10 Healthcare Reform Market Changes Affecting Physicians
While the specific regulations from the Patient Protection and Affordable Care Act (“ACA”) are still evolving, the “barometer reading” for change is clear. Market place trends and healthcare reform have clear implications for physicians. The pace of change will depend on specific market dynamics, private payer initiatives, and the degree of physician organization and physician-hospital integration, not to mention government action.
Physicians in private practice have been faced with a series of challenges and opportunities in recent years, and some assume that “this too shall pass.” The risk, though, of ignoring market trends is to face the downside of evolution – extinction. Here are the top ten ways in which these market forces, dominated by healthcare reform, affect physicians. They may not all affect you now, but your radar should be scanning for “blips” of change in your market.
1. Traditional payment will decline. Since the ACA did not “fix” the Medicare formula driven by the sustainable growth rate (“SGR”), there will be threats of decreases in the traditional Medicare fee schedule – this year close to 30 percent. While it likely that these decreases will be periodically “patched” by Congressional action, it is unlikely that Medicare fees will increase in the near future. Since many private payers link their fee schedules to Medicare rates, this means no increases for the foreseeable future. For some specialties, it will mean decreases, since Medicare and some other payers are shifting dollars from specialty services to primary care – but not adding any new money to the “pot.” The only hope of “upside” will come through new payment models such as bundled payment, shared savings, and pay-for-performance.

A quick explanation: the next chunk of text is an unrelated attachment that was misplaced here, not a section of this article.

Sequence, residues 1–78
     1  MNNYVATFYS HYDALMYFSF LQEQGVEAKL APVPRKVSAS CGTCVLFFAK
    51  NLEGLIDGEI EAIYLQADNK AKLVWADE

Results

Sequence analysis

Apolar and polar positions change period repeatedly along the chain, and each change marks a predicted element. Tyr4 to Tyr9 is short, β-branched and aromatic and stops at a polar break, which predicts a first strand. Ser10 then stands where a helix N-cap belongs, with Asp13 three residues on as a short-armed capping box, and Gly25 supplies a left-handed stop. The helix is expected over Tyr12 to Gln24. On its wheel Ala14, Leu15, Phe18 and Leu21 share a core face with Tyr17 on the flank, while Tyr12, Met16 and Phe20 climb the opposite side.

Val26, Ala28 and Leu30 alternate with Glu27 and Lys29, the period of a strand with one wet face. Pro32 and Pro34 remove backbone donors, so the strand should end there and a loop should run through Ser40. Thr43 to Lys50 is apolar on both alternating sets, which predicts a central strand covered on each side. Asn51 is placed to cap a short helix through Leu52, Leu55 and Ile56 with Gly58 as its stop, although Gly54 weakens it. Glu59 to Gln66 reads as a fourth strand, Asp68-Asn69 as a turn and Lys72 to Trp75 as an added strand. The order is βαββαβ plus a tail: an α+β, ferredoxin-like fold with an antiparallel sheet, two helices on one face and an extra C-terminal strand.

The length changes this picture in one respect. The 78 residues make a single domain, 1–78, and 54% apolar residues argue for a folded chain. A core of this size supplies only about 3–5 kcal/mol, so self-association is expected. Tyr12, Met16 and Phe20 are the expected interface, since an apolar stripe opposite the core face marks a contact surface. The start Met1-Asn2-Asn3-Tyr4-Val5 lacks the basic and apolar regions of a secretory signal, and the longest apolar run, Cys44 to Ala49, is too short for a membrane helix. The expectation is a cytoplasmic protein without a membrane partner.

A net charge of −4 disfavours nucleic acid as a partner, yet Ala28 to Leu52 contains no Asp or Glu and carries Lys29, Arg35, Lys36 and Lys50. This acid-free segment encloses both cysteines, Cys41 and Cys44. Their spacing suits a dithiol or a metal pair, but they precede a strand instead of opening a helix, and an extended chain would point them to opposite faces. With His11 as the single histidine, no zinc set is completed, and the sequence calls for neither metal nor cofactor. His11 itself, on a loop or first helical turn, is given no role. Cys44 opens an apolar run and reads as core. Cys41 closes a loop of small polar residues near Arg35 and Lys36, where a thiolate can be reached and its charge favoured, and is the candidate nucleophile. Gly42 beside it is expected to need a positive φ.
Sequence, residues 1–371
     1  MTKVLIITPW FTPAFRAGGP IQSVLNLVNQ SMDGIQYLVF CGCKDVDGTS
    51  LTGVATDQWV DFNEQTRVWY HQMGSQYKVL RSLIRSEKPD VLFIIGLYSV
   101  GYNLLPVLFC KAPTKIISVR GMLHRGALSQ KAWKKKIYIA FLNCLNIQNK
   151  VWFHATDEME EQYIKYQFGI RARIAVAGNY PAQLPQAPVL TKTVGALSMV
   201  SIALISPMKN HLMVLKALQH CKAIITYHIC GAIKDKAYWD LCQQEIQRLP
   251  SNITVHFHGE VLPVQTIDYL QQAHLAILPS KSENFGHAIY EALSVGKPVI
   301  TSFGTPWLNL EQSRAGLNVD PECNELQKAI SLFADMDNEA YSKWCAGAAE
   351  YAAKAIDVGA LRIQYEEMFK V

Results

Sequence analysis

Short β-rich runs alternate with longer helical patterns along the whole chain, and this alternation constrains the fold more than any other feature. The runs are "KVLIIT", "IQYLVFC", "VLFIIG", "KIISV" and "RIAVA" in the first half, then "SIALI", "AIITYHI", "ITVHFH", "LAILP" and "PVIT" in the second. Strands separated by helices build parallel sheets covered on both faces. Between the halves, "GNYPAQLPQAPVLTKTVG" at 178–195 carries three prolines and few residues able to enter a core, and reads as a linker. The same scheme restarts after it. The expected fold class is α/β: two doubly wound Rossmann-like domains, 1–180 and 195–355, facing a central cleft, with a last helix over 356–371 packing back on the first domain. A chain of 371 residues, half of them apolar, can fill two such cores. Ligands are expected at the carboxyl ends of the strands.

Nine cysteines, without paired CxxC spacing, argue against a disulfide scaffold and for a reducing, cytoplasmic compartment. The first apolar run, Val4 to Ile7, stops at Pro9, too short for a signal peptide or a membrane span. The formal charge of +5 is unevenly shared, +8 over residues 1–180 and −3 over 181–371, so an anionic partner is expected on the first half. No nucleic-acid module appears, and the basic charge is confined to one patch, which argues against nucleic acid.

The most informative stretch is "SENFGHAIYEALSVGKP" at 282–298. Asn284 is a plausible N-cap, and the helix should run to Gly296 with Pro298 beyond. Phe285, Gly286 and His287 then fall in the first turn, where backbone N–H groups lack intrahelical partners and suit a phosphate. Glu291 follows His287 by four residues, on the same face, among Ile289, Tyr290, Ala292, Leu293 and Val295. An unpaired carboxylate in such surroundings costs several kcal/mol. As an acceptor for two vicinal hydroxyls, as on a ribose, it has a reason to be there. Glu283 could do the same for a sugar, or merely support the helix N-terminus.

2. EMR and connectivity are “table stakes.” With the passage of the American Recovery and Reinvestment Act of 2009 (“ARRA”), physicians have the opportunity to earn incentives up to $44,000 from Medicare for implementation of electronic medical records (“EMR”) that meet “meaningful use” criteria. But after 2015, penalties are imposed if practices fail to meet these criteria. Additionally, the need to be clinically integrated with other physicians and hospitals is growing due to various new payment methodologies, not to mention patient expectations. Within the next few years, it will not be a “benefit” to have an EMR AND connectivity with other providers, it will be a requirement to stay in the game.
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